How to improve recall (blog 2)

We have all experienced enough exams in our academic careers to know that exams are not much more than a test of how much inofrmation can be reacalled within the time set, whether this is in an essay form, SAQs or in the form of multiple choice questions. Although psychologists such as Bucklin, Dickinson and Brethower would argue that when a perosn is fluent in a subject then recall is fast, however, some people do not cope very well when put in a stressful environment such as an exam and this will affect their recall, this is shown by Kramer et al (1991) where higher levels of stress had a negative impact on memory recall.

One way to try and overcome this would be to learn the information in the same room as the exam will be held, or if these two events are not in the same room then an alternative would be to try and revise in the room that the exam will be taken, this is because recall has been shown to increase by up to 15% when the information is recalled in the same environment in which is was learned compared to in an environment where it was not learned (Godden & Baddeley, 1975). An example of this would be that a lot of my learning in first year was in PJ Hall, then I revised in my room at home or halls, then the exam I sat was usually in the cluster spaces, according to the research by Godden & Baddeley (1975) my recall would have been much better if I had learned the information in PJ Hall and been examined in there too, which did happen a lot in second year. To further increase recall of information a more recent study (Baker et al, 2004) found that chewing spearmint gum at the intial learning of information is associated with a higher recall of the information at a later date.

7 thoughts on “How to improve recall (blog 2)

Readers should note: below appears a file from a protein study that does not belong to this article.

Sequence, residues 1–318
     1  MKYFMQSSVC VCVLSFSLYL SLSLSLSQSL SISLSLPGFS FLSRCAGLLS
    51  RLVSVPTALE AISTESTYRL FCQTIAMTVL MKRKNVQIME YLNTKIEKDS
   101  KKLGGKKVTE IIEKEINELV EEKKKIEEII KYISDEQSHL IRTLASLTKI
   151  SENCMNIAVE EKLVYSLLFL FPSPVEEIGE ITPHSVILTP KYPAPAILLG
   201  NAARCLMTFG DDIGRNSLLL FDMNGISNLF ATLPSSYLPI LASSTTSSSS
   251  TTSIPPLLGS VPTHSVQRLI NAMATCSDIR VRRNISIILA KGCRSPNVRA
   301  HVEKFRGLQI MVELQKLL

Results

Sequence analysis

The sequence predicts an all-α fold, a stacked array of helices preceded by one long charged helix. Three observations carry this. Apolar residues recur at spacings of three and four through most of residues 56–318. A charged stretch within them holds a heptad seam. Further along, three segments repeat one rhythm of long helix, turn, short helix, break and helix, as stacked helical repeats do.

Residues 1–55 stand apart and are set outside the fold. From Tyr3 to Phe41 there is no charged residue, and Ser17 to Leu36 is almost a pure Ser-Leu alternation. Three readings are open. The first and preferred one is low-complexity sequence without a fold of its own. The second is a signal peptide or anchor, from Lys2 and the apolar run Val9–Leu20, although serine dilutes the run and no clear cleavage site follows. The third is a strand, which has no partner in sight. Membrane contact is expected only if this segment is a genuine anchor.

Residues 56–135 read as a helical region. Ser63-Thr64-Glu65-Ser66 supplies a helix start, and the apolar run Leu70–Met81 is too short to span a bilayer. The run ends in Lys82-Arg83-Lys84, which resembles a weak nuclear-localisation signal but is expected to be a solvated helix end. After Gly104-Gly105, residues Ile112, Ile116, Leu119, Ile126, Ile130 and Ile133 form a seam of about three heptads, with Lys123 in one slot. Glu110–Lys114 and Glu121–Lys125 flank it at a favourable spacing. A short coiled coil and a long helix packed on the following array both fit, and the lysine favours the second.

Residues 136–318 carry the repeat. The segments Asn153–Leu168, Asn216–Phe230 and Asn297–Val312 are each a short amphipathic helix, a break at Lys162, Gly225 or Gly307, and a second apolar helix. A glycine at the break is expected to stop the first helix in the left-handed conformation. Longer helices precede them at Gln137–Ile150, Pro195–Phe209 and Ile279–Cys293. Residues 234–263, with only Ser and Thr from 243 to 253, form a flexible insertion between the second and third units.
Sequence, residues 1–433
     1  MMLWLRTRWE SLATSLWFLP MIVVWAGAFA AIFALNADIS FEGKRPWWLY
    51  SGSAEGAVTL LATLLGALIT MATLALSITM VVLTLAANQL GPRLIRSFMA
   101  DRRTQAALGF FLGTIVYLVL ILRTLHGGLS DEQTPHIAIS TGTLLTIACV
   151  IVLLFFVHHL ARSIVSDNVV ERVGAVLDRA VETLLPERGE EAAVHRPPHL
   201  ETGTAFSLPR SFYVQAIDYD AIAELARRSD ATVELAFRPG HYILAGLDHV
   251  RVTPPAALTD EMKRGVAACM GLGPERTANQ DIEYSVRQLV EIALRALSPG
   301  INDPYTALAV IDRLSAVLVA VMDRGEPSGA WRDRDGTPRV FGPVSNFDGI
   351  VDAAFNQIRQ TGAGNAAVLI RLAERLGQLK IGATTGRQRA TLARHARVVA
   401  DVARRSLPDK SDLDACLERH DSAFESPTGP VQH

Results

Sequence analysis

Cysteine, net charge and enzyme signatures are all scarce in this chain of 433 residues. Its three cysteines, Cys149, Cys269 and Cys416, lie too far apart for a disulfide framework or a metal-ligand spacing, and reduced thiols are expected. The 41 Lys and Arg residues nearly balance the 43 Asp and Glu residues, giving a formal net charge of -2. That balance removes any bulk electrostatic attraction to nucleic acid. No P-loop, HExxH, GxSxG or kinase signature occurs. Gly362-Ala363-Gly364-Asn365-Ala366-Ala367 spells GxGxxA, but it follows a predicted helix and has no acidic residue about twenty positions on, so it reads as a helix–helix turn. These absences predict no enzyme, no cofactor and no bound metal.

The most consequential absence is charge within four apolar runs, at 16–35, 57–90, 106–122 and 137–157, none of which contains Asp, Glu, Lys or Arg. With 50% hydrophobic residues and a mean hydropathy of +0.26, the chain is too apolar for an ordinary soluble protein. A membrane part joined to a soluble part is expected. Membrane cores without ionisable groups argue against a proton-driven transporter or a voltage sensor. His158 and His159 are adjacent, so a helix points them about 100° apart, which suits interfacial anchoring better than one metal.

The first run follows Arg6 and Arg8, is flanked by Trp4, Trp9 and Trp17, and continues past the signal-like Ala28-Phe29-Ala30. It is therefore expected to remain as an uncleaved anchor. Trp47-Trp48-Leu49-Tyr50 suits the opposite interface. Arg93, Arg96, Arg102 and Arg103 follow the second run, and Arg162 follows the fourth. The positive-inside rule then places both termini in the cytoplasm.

1. As we all know recall in university is the most important thing due to a bombardment of examinations that happen ALL THE TIME !. You have mentioned some good areas, especially the Environmental context dependant memory part but there are so many for aiding recall:

    Mnemonics

    Mnemonics is a cognitive process that has many reasons for its effectiveness, meaningfulness, organization, association, visualization and attention. Basically you try and remember things by using an acronym to associate with knowledge that you want to remember e.g. a school child wanted to be able to spell the word because, they would do this by making a term to remember the spelling, “bigger elephants can always understand small elephants which makes the word because using the first little of each word (Higbee, 2006). I have personally using this way for remembering essay plans in out exams.

    Chunking

    This method implies that a person would at first view large volumes of data e.g. all the parts of the auditory system and chunk them together into smaller and easier to remember parts. In the second year we had to know about section of the ear and what they do so I used chunking to help me e.g. inner ear would be grouped in a 3 the pinna, auditory canal and the tympanic membrane while the next group would be the middle and be a group of 3, ossicles, ligaments and the oval window. George Miller conducted experiments that suggested that we cannot learn any more that than 9 parts while using the chinking method and that the average was seven plus or minus two that could be successfully remembered (Miller, 1956)

    So here’s a few other ways to aid recall, I could only really remember 5 at a time with my rubbish brain but some people can do so much more.

    I enjoyed reading your blog

  2. I had a closer look into the area you mentions related to the chewing gum study. I found similar studies that also talked about memory being cue dependent, this is why if we can provide cues form encoding to retrieval our recall increases. Aggleton and Waskett (1999) found that participants recalled more information from a trip to a museum when they were cued using scents that had been present when they encoded the information.

    I agree that being in the same room provides many of these cues that may help to aid recall, however this is not usually a practical suggestion. Research by Zechmeister and Nyberg (1982) found that you can recall better if you can imagine the place that you encoded. So when revising, make a note of where you were, something that is memorable in that place or room, and this may be able to cue your recall. This could serve as a more practical suggestion of the traditional ideas.

    References